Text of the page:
August 20, 2009 in Washington Voices

Digging dooms old Siberian elm

Irrigation project gets too close to tree’s roots
By The Spokesman-Review
 

Looking out for the big guys

Steve Nittolo, horticulture supervisor for Spokane, said anyone considering work around large, old trees should consult with a certified arborist. Arborists have special digging tools that use air or water to gently tunnel under or around roots without damaging them, he said.

Right-of-way trees are homeowner’s responsibility

Is your tree a right-of-way tree?

The property owner is responsible for the maintenance and care of any trees growing in the strip between the sidewalk and the street.

The public right of way varies from 6 feet to 15 feet from the street, depending on the property’s location. A few rules, according to Steve Nittolo, horticulture supervisor for the city:

If a right-of-way tree dies, the property owner is responsible for having it taken down, removed and replaced.

Right-of-way trees can only be pruned by certified arborists. Property owners may remove small branches that obstruct sidewalks or driveways, but only certified arborists can obtain the necessary pruning permits to really cut back the trees.

A permit is needed to plant, prune or remove a right-of-way tree.

Property owners may plant trees directly under power lines, but must pick trees that will not reach past the power lines when mature.

“You want to find the right tree for the right place,” Nittolo said. If a big maple dies, it shouldn’t automatically be replaced with another maple.

“We require that you plant as large a tree as possible, depending on the rooting space and any overhead power lines,” said Nittolo. “And remember, no topping of existing trees. Cutting the top off your tree is never a good idea. It leaves the tree more susceptible to disease, and it can become a structural hazard.”

For questions about the care of street, right-of-way and other trees, call (509) 363-5495.

When a new irrigation system was installed in Comstock Park this summer, some of the digging got too close to old trees, damaging their root systems. An old Siberian elm at the Northwest corner of the park, facing 29th Avenue, was the first one to be cut down, and more may follow.

“The urban forestry staff is spread pretty thin these days, and we weren’t monitoring the project closely enough,” said Steve Nittolo, the city’s horticulture supervisor. “Also, the irrigation contract wasn’t as specific in some areas as I would have liked for it to be. Obviously, this is something we don’t intend to have happen again.”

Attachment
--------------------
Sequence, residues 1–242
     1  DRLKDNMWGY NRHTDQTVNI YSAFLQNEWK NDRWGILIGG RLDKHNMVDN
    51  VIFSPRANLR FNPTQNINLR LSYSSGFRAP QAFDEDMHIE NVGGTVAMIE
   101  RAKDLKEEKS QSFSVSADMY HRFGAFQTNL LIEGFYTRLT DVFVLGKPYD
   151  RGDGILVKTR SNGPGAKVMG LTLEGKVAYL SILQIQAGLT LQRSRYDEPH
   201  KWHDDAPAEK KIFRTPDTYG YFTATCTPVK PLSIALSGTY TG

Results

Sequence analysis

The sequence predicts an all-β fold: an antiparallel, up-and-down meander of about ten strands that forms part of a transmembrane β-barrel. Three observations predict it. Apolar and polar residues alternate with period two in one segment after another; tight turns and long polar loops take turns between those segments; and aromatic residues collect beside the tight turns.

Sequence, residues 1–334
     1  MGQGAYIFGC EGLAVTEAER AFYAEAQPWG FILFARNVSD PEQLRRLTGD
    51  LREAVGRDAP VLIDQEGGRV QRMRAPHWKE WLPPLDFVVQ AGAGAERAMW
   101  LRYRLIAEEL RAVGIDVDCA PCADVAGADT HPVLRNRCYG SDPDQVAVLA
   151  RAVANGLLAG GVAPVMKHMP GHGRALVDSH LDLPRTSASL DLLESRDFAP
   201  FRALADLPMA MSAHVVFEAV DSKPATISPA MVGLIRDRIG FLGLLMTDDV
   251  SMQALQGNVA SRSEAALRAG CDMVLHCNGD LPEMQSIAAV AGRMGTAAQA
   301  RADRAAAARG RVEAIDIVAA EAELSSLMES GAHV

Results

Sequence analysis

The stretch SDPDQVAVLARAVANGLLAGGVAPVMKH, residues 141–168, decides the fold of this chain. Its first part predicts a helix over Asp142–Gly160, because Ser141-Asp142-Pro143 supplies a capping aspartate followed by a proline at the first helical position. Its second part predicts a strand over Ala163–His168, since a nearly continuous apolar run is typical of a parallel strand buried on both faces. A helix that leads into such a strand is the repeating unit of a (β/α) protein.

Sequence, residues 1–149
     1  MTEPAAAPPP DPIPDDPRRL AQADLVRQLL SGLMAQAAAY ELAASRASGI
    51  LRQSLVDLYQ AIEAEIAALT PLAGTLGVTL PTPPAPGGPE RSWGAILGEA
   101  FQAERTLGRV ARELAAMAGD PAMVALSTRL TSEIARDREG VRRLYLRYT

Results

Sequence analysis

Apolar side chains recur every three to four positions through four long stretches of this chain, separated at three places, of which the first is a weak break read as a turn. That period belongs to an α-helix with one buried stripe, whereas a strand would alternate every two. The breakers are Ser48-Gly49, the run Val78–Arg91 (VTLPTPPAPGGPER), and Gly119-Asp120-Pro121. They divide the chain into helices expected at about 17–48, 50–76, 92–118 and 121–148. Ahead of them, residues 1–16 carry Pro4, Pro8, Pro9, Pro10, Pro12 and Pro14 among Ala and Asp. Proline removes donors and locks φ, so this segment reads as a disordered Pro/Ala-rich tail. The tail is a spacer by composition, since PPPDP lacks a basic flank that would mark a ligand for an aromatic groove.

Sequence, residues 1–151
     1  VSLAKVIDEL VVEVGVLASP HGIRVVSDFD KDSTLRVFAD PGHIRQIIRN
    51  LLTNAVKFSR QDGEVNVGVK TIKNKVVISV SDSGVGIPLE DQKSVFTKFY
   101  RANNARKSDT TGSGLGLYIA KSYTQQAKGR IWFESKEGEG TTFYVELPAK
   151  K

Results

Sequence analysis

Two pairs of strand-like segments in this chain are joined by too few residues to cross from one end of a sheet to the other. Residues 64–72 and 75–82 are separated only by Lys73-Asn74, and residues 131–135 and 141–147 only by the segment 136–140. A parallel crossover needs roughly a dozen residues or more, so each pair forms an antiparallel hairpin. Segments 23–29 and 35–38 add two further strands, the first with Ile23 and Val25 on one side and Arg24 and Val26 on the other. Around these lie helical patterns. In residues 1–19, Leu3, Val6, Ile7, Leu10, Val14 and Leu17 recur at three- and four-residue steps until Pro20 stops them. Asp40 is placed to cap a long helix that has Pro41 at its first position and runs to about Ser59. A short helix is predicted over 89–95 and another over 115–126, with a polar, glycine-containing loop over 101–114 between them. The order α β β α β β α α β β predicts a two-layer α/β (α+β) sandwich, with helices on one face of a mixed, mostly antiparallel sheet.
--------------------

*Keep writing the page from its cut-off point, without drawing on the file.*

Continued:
The Siberian elm had other problems, too.

“It wasn’t in the best location as it was right next to a rock wall, and then it lost some roots on the other side of the rock wall,” Nittolo said. The tree’s location next to the sidewalk and under power lines could have led to other hazards, also considered before its removal.

Nancy Goodspeed, spokeswoman for the Spokane Parks and Recreation Department, said in a statement last week that the department has re-examined specifications and the monitoring process to prevent similar damage to park trees.

“The Parks and Recreation Department has also committed to the Comstock neighborhood to plant three new trees in the park for every damaged tree that may need to be taken down,” Goodspeed said.

For private property owners, the project offers a few lessons.

Steve Nittolo, horticulture supervisor for Spokane, said anyone considering work around large, old trees should consult with a certified arborist.

“An arborist can help you evaluate where the root system is,” said Nittolo, adding that many old trees’ roots stretch to the drip line at the edge of the canopy.

“Hand digging is not the preferred method of digging around trees,” said Nittolo, “because once you see the root it’s most often because you severed it.”

Arborists have special digging tools that use air or water to gently tunnel under or around roots without damaging them.

Street trees in strips between sidewalks and streets are public trees, but their care falls to property owners.

“Our goal with the regulations is to avoid a net loss of trees,” Nittolo said. “We want to preserve the urban canopy the best way we can.”

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